Mr Speaker Sir, the committee concurs with the Government about the importance of this investment considering the economic utility and economic facilitation that attend a national identification system. However the Committee does not understand why such a nationally important activity has to await donor funding. If we were serious we could have funded this project from domestic resources. In addition, Mr Speaker, the Committee needs assurance that during the registration process the authorities will separate Malawians form non-Malawians since we have noted with regrets, how non-Malawians have easily accessed the Malawian Passports and Driver’s license without any problems.
Public finance management reforms
Mr Speaker Sir, the committee also noted how the minister struck a very positive tone on progress made in Public Finance Management reforms. While the Committee acknowledged that there is progress in strengthening the country’s public finance management system, the committee is of the view that more needs to be done. Recent reports of Cashgate type embezzlement through embassies, inability migrate to a new platform for IFMIS three years after Cashgate, suggests that risks to public finance still persists.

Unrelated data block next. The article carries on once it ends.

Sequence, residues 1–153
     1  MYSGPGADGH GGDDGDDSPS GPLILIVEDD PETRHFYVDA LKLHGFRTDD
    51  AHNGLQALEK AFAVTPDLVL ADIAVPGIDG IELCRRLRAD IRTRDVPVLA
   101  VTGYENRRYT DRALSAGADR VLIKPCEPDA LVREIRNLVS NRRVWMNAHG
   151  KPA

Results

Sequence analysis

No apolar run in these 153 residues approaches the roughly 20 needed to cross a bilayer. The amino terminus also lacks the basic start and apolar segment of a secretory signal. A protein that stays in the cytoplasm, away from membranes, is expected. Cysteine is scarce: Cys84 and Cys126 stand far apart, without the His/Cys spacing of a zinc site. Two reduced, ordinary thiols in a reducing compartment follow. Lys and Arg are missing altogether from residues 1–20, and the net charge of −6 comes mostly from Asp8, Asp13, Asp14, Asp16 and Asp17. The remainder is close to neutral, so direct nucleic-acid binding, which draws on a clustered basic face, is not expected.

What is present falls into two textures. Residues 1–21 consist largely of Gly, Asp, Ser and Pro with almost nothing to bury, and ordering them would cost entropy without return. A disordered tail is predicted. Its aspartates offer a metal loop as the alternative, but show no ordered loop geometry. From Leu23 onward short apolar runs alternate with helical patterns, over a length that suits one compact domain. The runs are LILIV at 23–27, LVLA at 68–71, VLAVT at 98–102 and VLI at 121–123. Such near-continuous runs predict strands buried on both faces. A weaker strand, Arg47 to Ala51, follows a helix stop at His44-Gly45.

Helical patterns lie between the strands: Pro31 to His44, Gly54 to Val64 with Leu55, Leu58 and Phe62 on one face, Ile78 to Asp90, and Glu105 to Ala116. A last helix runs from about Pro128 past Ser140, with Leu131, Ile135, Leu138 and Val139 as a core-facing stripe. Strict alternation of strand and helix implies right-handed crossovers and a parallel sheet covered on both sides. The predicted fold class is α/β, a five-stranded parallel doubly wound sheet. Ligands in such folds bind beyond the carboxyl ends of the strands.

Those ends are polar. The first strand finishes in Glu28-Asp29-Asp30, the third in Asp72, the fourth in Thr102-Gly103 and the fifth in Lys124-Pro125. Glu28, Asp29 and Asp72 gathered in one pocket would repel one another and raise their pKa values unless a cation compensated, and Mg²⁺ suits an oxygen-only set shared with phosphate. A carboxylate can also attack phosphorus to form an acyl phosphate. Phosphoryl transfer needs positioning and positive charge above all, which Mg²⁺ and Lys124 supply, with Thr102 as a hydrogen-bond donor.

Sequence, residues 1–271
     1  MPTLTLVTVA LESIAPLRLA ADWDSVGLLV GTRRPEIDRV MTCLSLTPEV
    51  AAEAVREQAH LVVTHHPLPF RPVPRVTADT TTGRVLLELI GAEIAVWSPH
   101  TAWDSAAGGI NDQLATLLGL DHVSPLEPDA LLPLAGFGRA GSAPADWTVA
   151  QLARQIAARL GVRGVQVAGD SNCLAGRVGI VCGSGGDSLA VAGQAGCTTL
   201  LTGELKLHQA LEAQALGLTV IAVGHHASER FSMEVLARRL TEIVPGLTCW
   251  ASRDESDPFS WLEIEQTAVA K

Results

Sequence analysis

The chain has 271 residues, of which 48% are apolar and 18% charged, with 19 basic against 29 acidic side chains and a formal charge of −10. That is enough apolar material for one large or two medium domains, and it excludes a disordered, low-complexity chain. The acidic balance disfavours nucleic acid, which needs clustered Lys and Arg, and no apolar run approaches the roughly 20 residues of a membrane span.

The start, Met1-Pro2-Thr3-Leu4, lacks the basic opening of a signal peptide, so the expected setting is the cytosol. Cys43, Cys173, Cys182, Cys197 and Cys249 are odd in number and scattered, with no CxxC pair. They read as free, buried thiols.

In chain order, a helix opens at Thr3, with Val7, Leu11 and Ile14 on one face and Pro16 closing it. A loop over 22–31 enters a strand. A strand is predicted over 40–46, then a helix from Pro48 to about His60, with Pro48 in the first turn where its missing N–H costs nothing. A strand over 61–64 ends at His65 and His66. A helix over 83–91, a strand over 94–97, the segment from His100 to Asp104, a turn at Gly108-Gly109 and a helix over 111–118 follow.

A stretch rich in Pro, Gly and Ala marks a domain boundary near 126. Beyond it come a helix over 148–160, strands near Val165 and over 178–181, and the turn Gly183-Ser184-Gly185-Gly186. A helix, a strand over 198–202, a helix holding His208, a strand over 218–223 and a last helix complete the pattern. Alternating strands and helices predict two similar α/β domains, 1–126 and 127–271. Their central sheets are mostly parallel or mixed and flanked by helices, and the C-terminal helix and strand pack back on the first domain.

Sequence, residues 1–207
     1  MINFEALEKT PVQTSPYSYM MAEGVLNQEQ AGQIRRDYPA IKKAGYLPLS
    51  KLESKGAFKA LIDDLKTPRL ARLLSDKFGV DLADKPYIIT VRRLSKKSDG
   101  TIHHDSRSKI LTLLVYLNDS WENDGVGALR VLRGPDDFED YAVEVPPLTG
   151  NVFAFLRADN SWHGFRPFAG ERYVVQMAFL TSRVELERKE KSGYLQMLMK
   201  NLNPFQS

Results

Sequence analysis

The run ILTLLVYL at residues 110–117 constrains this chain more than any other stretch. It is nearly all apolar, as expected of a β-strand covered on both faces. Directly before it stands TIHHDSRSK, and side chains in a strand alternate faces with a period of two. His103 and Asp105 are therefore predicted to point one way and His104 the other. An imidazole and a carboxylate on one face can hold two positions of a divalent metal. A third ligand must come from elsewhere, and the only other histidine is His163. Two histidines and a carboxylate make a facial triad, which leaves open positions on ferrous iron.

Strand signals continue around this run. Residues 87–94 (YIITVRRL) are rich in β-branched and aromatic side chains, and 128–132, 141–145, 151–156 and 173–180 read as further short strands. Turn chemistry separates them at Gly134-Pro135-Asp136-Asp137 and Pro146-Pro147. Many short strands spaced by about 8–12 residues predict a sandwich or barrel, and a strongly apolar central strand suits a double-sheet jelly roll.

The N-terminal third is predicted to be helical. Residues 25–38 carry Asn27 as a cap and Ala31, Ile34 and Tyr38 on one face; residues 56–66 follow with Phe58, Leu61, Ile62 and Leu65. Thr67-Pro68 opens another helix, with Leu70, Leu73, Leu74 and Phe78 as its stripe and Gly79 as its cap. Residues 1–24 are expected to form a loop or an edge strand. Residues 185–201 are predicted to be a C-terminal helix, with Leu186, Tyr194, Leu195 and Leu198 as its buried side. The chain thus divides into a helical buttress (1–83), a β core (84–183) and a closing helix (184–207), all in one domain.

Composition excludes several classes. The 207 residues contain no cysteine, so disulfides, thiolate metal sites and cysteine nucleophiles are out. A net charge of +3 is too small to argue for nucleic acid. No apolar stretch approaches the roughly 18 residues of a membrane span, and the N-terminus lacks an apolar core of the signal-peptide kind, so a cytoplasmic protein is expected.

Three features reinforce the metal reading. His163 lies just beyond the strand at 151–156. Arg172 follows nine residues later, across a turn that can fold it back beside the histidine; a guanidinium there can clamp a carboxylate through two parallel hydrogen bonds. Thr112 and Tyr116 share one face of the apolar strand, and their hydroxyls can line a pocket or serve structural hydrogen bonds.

Programme based budgeting (PBB)
Mr Speaker Sir, the committee noted with great interest that the government intends to scale up implementation of the PBB following a couple of pilots. In principle, PBB would ensure that funds are channelled to the necessary departments and sections in various ministries and will ensure performance in all sections of a ministry. The committee is concerned, however, that with chronic underfunding, most MDAs cannot deliver, therefore it is highly unlikely that programme based budgeting will not work.
Mr Speaker Sir, I don’t intend to discuss the budget framework line by line. I will highlight areas where the committee raised issues worth commenting upon.
Firstly, the committee noted the contradiction between the budget and what President Peter Mutharika and minister said in their statements. In both the State of the Nation address and the Minister’s Statement, an impression was created that Malawi is moving toward donor independence. Well, Mr Speaker Sir, upon scrutiny of the budget the committee finds these claims to be blatantly misleading, especially given that the estimates laid before this house clearly show an increase in total grants from K97 billion to K190 billion, representing a 97 percent increase. In fact, the share of foreign resources is proposed to rise from the estimated 13 percent of total resource envelope last year to 20 percent in this budget. Mr Speaker Sir, the committee was perplexed at why the President and minister chose to give an impression that was both factually and arithmetically false.